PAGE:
I found this election map a while back and promptly lost the link to it, and now I've finally found it again. It's deliberately responding to the impression given by the red-blue maps that abound that there are Republican states and Democrat states. The idea here is that certain regions of the country (not necessarily along state lines, often splitting states) tend to vote in certain ways. This group has identified 10 regions with slightly different voting tendencies from each other, with some excellent analysis of how each region has voted in past elections and even some advice to both parties about what strategies might help in 2004.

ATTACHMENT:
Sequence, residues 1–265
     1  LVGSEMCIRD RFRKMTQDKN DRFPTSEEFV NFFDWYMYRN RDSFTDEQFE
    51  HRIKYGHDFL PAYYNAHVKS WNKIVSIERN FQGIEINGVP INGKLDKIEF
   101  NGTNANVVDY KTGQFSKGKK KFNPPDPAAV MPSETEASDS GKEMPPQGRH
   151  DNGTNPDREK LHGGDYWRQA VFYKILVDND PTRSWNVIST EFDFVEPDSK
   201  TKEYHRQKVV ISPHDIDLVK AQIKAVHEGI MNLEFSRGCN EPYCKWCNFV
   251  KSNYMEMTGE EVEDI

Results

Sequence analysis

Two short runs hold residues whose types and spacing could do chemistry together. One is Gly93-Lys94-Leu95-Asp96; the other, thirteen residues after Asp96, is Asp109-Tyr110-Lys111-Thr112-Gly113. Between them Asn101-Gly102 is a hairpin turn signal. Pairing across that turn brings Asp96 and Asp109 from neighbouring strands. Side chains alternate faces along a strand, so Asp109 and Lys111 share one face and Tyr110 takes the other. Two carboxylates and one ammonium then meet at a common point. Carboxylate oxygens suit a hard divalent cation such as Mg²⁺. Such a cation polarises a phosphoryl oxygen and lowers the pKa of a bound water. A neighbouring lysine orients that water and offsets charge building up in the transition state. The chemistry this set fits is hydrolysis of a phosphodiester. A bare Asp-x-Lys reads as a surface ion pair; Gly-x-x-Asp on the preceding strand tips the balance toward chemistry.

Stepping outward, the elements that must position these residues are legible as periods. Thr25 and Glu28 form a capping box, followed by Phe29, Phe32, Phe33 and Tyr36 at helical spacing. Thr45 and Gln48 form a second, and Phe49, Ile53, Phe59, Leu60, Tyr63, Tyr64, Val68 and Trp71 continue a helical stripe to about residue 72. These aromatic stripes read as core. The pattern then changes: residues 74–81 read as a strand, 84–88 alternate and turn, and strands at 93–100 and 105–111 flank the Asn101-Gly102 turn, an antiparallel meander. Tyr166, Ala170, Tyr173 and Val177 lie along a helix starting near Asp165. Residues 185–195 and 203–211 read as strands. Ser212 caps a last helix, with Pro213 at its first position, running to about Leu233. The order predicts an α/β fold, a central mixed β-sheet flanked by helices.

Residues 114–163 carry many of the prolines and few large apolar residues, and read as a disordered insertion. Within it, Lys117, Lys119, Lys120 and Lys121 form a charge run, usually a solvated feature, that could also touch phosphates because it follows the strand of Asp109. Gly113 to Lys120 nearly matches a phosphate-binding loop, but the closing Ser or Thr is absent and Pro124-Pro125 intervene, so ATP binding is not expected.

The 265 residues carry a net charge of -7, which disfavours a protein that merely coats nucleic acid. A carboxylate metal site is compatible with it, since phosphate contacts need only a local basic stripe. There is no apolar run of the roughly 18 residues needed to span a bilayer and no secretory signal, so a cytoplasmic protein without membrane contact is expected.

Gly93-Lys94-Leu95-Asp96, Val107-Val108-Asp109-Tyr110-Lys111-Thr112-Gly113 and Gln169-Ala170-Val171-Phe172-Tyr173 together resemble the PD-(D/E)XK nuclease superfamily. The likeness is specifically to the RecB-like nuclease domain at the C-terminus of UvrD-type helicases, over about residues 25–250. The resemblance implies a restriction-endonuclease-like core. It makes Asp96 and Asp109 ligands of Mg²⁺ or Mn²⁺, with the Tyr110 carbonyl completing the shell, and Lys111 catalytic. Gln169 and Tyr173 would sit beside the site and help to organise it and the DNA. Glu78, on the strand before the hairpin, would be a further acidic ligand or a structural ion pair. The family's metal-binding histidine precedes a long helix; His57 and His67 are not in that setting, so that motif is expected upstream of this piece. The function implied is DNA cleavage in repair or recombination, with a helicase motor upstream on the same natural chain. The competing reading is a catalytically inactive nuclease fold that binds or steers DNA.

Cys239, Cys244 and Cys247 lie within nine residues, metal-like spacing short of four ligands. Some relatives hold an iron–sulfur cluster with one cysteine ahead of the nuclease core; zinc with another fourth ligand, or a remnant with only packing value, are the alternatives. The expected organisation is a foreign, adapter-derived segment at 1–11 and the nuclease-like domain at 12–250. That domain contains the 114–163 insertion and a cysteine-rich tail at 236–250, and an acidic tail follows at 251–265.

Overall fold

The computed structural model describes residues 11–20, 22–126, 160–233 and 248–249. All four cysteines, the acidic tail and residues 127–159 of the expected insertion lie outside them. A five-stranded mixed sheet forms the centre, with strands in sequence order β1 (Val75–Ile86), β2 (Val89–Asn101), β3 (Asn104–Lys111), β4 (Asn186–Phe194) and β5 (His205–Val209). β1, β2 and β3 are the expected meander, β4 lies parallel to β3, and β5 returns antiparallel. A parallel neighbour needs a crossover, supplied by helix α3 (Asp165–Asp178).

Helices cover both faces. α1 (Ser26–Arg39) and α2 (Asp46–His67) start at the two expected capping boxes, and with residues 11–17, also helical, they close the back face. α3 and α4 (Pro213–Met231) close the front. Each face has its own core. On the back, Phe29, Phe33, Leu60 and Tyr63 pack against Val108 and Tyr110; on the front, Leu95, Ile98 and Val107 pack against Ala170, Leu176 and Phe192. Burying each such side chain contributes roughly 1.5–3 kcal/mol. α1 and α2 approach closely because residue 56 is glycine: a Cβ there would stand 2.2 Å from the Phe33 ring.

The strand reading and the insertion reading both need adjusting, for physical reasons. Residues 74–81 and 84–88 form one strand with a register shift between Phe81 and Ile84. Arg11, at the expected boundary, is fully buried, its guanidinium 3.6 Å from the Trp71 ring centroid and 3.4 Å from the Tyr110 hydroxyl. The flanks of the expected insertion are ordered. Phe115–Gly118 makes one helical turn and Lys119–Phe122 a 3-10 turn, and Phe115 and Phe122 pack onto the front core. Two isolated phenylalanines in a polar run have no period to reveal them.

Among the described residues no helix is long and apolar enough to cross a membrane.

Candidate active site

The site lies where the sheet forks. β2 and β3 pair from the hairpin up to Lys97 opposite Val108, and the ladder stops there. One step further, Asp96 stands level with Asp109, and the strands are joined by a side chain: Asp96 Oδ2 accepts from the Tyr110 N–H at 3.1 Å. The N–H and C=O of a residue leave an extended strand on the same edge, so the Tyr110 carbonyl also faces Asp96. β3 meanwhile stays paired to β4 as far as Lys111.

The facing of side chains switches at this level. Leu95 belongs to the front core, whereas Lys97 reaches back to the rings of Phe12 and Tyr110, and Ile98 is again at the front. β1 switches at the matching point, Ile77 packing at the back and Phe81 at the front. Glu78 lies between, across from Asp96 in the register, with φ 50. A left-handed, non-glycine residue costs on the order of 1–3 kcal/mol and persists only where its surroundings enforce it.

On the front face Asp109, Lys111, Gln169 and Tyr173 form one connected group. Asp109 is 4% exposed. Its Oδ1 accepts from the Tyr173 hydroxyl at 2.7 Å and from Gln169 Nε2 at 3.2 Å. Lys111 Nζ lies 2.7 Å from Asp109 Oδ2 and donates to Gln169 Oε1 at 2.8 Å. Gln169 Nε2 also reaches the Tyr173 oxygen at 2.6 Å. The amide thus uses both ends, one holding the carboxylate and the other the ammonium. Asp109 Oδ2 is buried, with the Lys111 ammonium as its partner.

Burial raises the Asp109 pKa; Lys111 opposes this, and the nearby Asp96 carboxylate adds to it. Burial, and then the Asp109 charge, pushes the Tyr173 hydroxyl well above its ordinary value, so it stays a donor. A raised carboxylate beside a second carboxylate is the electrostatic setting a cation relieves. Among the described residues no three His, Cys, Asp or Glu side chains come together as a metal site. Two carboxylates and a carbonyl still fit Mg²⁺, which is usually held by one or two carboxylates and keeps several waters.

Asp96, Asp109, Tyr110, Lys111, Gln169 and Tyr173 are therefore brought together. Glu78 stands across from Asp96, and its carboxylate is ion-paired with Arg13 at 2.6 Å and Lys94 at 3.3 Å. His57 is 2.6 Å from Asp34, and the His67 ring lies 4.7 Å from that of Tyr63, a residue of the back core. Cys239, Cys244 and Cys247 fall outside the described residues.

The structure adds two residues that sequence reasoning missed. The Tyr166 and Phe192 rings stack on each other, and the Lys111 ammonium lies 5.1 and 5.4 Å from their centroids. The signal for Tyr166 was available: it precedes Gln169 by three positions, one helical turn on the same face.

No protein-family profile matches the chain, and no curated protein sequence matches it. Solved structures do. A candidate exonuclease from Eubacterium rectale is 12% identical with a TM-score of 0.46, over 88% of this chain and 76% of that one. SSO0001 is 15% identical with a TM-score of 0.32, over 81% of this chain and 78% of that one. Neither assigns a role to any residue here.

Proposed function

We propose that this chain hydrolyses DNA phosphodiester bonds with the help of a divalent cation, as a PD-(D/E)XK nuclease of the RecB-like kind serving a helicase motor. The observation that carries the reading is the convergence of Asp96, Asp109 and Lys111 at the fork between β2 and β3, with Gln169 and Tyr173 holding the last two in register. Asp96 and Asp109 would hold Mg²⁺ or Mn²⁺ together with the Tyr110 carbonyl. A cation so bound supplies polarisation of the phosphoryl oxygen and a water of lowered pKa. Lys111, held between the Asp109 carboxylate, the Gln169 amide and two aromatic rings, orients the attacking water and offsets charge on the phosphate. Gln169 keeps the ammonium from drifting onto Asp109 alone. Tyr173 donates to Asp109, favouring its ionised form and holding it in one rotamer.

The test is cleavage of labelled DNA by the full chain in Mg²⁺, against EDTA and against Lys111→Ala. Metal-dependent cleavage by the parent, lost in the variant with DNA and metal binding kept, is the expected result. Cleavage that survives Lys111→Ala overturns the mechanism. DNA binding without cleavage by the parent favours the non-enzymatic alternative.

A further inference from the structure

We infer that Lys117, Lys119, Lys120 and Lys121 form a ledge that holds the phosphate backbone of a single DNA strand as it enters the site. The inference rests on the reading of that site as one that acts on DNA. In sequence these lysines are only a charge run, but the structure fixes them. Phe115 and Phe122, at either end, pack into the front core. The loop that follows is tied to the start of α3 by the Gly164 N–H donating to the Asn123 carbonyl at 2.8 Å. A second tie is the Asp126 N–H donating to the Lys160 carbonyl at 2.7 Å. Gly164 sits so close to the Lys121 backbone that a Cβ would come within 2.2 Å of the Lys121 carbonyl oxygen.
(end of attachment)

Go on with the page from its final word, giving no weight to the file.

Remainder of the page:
I do think the red-blue maps reveal something about a divided country, the same thing revealed by the book-purchasing map showing that people who buy political books only read one side. This explains why so many liberals don't understand why anyone would like George Bush and why so many conservatives don't understand why anyone wouldn't like him. Many of them probably don't even know anyone who has the opposite reaction they have.
Still, this balanced look at what's really going on shows that the red and blue states and regions aren't monolithic and that there's a lot more complexity to the ways in which these tendencies will manifest themselves (e.g. out west and in NH the support for Republicans is largely libertarian, whereas social conservatives dominate in parts, but only certain parts, of the south). I found it fascinating to read about the voting trends of part elections in the way they did it. They collected data according to counties, drawing lines where the tendencies reflect changes in voter tendencies.